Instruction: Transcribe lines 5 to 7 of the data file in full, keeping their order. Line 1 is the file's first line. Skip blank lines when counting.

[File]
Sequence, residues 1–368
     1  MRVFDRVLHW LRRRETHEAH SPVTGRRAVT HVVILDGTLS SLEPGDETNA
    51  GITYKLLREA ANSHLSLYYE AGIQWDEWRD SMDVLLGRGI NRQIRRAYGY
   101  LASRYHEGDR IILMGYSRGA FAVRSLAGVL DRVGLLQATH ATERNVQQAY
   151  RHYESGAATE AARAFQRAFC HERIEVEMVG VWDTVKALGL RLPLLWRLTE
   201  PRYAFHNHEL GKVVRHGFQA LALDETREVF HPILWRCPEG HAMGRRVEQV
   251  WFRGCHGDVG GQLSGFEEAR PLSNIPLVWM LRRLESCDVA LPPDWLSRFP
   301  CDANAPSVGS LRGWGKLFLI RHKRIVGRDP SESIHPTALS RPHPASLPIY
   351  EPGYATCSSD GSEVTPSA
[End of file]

   151  RHYESGAATE AARAFQRAFC HERIEVEMVG VWDTVKALGL RLPLLWRLTE
   201  PRYAFHNHEL GKVVRHGFQA LALDETREVF HPILWRCPEG HAMGRRVEQV
   251  WFRGCHGDVG GQLSGFEEAR PLSNIPLVWM LRRLESCDVA LPPDWLSRFP